FIRE is gravely concerned about STLCC’s violation of Xiao’s rights to free speech and due process. The First Amendment enshrines our country’s legal and moral commitment to freedom of speech, including expression such as Xiao’s emails to his student colleagues. As the Supreme Court noted in Healy v. James, 408 U.S. 169, 180 (1972), “[s]tate colleges and universities are not enclaves immune from the sweep of the First Amendment”; indeed, “[t]he vigilant protection of constitutional freedoms is nowhere more vital than in the community of American schools.”
Moreover, STLCC’s Student Handbook assures each student that “As a student, you possess basic freedoms, privileges and rights guaranteed to all persons by law.” In STLCC’s official “Administrative Procedures,” under section B.6, “Right to Free Expression,” STLCC states that “St. Louis Community College wishes to uphold the first amendment rights of individuals, including their free speech rights.” Section G.14.1.d of that document also warns students that “Any act which restricts an individual’s right to speak is prohibited.”
The Fifth and Fourteenth Amendments ensure at least minimal due process protections for persons against whom charges are brought. All persons must be treated fairly in proceedings that may affect their property, livelihood, or general well-being, broadly construed. Education and speech rights are among the most important constituents of a person’s livelihood and well-being. This guarantee of fair treatment holds even when the proceedings are “quasi-judicial”—that is, not directly mandated or governed by federal or state law. In his famous and influential article “Some Kind of Hearing,” Judge Henry Friendly named several elements that he deemed necessary for a hearing to satisfy due process. 123 U. Penn. L. Rev. 1267 (1975). Among others, these include notice of the charges, the right to present evidence and call witnesses, the right to know the evidence against you, and a written finding of fact and of the grounds for the tribunal’s decision.
STLCC’s treatment of Xiao to this point has violated his due process rights. He has not been provided with either the names of the complainants or the details of their complaints. Xiao’s contacts with Herbst do not constitute an adequate hearing on the charges, which are serious enough to lead to disciplinary probation and restriction of his speech. In addition, Herbst’s initial decision to place Xiao on disciplinary probation occurred before Xiao had any opportunity to hear the charges or respond to them.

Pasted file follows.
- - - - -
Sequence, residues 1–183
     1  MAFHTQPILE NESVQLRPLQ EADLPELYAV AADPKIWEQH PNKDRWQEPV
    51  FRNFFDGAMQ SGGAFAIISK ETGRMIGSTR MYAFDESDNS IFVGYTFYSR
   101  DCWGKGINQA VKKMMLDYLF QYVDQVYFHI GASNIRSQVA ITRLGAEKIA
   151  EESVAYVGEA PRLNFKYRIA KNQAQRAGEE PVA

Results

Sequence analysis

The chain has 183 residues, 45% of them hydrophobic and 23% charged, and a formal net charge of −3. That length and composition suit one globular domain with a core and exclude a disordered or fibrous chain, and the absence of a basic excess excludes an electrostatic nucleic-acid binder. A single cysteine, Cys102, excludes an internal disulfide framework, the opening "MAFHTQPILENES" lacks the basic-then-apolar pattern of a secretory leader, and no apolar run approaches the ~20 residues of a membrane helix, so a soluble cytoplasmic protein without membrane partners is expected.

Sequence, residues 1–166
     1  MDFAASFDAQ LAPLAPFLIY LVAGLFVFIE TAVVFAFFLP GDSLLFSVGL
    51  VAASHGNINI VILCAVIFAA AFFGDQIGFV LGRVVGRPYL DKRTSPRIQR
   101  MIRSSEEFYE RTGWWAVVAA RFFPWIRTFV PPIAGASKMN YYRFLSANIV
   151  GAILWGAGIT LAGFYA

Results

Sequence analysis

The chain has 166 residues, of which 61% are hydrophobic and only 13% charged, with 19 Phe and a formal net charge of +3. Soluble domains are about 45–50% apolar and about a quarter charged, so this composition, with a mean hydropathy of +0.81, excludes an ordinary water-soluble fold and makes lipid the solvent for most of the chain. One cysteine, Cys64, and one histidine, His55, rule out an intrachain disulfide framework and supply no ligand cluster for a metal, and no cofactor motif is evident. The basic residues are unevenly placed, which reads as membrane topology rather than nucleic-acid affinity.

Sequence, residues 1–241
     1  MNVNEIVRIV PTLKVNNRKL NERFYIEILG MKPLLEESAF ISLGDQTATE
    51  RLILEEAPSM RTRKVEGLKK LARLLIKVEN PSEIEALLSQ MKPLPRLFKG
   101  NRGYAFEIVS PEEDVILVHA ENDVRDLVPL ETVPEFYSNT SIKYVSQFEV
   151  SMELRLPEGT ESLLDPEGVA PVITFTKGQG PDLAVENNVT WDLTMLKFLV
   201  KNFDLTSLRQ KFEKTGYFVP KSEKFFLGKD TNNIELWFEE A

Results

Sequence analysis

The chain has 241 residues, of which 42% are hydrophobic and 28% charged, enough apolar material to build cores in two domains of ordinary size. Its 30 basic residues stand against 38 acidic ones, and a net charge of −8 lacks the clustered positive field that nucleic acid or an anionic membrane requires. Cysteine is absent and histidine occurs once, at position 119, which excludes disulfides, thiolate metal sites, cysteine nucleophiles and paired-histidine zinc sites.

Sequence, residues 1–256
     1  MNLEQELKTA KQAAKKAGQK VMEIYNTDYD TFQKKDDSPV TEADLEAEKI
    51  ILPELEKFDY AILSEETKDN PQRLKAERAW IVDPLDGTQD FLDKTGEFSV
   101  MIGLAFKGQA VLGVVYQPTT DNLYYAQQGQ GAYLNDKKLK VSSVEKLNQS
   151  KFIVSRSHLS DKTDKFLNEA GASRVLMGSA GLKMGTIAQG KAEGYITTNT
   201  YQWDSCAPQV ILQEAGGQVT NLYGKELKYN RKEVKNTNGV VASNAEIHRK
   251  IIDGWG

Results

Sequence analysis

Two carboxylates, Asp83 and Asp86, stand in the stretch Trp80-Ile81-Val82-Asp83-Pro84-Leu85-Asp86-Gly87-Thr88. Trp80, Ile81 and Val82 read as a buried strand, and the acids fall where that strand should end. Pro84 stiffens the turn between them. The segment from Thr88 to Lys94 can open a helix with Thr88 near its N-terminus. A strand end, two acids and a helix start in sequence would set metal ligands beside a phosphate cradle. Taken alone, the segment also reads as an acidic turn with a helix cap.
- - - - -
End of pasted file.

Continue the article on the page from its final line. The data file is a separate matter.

Please let us remind you that if the Student Appellate Hearing Committee hears Xiao’s appeal, the Student Handbook promises him the following notifications:
- Charges against him;
- Date, time, place and description of the violation;
- Name of the person or persons requesting disciplinary proceedings;
- Name of any and all known witnesses in the case; and
- Date, time and place of the hearing.
In addition, the right to due process requires that Xiao be given the evidence that is to be used against him.
More importantly, Xiao’s case never should have reached this point. The emails in question, which alert other students to Xiao’s enrollment plans and invite them to join in his enrollment choices, are fully protected speech. Xiao’s punishment, which prohibits him from contacting other students by email, is yet another violation of his right to freedom of speech. And the manner in which his punishment was inflicted is a grave violation of his right to due process. Because of the ongoing, dire violations of Xiao’s rights, we request that your administration immediately lift this prohibition, reverse Xiao’s disciplinary probation, and remove all information about this case from Xiao’s disciplinary record.
We further request that you ensure that no college policy or contrivance is used to infringe upon the rights of students at STLCC to discuss the quality of their education and their professors at STLCC and to discuss their enrollment choices with one another. Please spare STLCC the embarrassment of fighting against the First Amendment and STLCC’s own promises to its students regarding freedom of speech.
With this letter we enclose Jun Xiao’s signed FERPA waiver, authorizing you to discuss these matters with FIRE.
FIRE hopes to resolve this matter amicably and swiftly, but we remain prepared to use all of our resources to see this situation through to a just and moral conclusion. We are aware that STLCC has proposed a hearing date before the Student Appellate Hearing Committee of December 5, 2007—and that the hearing may take place in Xiao’s absence, which would constitute yet another violation of his right to due process. Because of the time-sensitive nature of this matter, we request a response by December 7, 2007.
Director, Individual Rights Defense Program
Daniel Herbst, Acting Vice President for Student Affairs, STLCC
Gloria Webb Adeyemi, Dean, Science and Technology, STLCC
Vidyullata Waghulde, Associate Professor, Chemistry Department, STLCC
Denise Sperruzza, Chairperson, Student Appellate Hearing Committee, STLCC
Andrew Langrehr, Chair, Department of Physical and Engineering Sciences, STLCC